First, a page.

Solar power advocates regularly talk about how going solar can help the planet, but may not be able to explain the environmental benefits of using solar energy in detail. As a result, you may find yourself wondering, “Are solar panels eco-friendly?”
If you’re considering a solar energy system at home, work, or within your community, let’s take a look at how photovoltaic (PV) systems impact the environment and the reasons that solar energy is eco-friendly.
Health and Environmental Benefits of Using Solar Energy
With solar energy adoption, departures from combustion-based power sources can create a positive change for both the planet and its inhabitants (hint: that’s us). To help you advocate for solar energy installations in every capacity, here are four key environmental benefits of solar energy.
1. Reduced Air Pollution
According to the US Energy Information Administration, in 2021, over 60% of the electricity produced in the United States was generated by carbon-emitting fossil fuels. At the same time, only 20% of US electricity was generated from renewable resources such as wind, hydro, and solar.
Here, a national shift to eco-friendly solar and other green energies can dramatically reduce local carbon dioxide (CO2), nitrous oxide (N₂O), sulfur dioxide (SO₂), and particulate matter emissions. In an analysis conducted by the National Renewable Energy Laboratory (NREL), a combination of solar energy development and widespread electrification is a proven, feasible path toward significantly improved domestic air quality.
2. Fights Global Warming
Carbon emissions and other greenhouse gasses are major contributors to the increase in global temperature, known as global warming. Although some greenhouse gas emissions may be present during manufacturing and transportation, solar photovoltaic panels do not produce any greenhouse gasses while generating electricity, making them a good source of clean energy.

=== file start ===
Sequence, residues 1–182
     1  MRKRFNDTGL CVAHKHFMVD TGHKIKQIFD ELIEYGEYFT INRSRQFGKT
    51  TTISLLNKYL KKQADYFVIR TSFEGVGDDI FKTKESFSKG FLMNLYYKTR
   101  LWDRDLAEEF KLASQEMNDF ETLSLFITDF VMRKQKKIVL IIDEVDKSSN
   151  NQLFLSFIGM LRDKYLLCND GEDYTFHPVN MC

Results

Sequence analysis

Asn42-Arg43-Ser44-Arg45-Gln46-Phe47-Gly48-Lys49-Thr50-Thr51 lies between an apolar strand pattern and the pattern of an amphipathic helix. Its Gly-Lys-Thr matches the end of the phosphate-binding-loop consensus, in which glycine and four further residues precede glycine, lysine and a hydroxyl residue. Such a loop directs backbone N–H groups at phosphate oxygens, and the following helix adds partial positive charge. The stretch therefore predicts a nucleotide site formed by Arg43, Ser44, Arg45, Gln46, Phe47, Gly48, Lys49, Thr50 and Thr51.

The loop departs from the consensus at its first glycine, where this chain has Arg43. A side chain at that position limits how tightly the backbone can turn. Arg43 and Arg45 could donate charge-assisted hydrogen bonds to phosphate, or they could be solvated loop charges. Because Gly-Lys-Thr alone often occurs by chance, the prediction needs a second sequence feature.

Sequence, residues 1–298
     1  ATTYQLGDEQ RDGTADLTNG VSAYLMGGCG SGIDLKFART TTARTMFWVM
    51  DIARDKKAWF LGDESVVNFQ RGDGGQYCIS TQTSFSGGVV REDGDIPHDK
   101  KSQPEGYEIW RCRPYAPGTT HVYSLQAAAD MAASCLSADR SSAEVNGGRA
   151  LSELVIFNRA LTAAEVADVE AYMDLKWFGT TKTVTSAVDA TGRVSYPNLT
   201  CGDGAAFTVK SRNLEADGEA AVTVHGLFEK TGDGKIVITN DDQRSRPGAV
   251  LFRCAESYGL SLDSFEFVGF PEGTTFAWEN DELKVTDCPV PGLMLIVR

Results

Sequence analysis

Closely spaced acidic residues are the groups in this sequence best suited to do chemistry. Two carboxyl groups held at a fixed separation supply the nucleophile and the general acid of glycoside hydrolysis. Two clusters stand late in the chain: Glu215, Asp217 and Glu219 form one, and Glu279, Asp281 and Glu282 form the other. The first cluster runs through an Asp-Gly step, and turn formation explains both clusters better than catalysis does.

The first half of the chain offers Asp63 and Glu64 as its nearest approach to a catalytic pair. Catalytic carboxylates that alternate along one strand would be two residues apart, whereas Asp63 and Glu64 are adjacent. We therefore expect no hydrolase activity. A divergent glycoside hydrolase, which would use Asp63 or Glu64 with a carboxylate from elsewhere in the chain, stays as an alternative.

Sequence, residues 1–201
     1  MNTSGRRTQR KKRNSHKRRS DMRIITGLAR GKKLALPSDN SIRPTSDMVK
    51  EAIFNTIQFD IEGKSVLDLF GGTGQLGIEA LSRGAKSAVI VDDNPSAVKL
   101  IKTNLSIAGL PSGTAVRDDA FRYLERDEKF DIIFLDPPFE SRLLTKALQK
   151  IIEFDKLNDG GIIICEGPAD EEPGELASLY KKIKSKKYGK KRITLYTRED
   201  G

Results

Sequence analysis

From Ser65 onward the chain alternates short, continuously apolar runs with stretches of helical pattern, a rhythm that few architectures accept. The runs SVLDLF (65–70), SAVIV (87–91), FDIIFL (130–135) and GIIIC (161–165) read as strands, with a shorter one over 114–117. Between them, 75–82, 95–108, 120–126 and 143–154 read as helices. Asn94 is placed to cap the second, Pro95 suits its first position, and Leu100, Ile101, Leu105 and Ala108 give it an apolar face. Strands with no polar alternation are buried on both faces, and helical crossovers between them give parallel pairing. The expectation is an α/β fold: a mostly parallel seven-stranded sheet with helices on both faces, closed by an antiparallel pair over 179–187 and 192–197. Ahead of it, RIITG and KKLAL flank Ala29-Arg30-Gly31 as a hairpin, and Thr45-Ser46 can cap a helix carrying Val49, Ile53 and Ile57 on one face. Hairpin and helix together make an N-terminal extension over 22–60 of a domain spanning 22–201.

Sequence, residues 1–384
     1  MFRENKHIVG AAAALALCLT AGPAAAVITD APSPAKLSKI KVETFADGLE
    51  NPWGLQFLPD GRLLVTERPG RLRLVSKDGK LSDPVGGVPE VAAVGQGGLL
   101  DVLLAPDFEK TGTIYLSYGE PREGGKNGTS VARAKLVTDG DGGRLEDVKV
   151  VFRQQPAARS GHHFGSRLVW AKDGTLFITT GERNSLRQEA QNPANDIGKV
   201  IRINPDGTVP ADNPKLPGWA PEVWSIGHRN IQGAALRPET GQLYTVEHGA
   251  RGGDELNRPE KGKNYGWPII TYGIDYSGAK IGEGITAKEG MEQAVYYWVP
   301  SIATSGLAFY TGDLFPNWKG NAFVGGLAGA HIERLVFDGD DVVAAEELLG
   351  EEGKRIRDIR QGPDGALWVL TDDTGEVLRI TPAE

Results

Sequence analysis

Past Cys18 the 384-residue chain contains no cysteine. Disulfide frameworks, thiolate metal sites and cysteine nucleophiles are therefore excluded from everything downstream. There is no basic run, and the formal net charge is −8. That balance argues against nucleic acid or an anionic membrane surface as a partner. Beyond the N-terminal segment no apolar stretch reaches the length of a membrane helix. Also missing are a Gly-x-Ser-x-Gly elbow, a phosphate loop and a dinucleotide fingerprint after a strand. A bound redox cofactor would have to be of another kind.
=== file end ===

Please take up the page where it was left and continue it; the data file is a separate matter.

Knowing this, every kilowatt-hour of electricity produced by a solar panel, rather than a fossil fuel like natural gas, can reduce the end user’s carbon footprint. With international solar energy adoption, fewer greenhouse gasses in the atmosphere will help curb the effects of climate change from global warming.
3. Reduces Resource Stress
It is easy to forget that there is a finite amount of fossil fuels available, and once they are gone, we can't get them back (at least not for millions of years). This means that making the switch to renewable energy isn't just better for the environment, it is necessary to continue powering our world for future generations.
Alongside a finite amount of fossil fuels as an energy source, water is another critical resource to consider for the long-term health of the planet. While the production of solar panels does use some water (especially in the extraction and processing of minerals), the process still uses significantly less water than traditional electricity sources.
4. Improves Global Health
Beyond its effects on global warming, carbon emissions can have a serious impact on human health, affecting vital organs, such as the heart and lungs. By reducing the amount of carbon and other pollutants entering the atmosphere, cleaner air brought forth by solar energy adoption can decrease the risks of heart disease, asthma attacks, and premature deaths, which are major health issues globally.
Environmental Challenges of Solar Energy
With improved health outcomes, slowed global warming, reduced pollution, and decreased resource stress, the environmental benefits of solar panels are clear, and solar energy is a great resource to power the future with the environment in mind.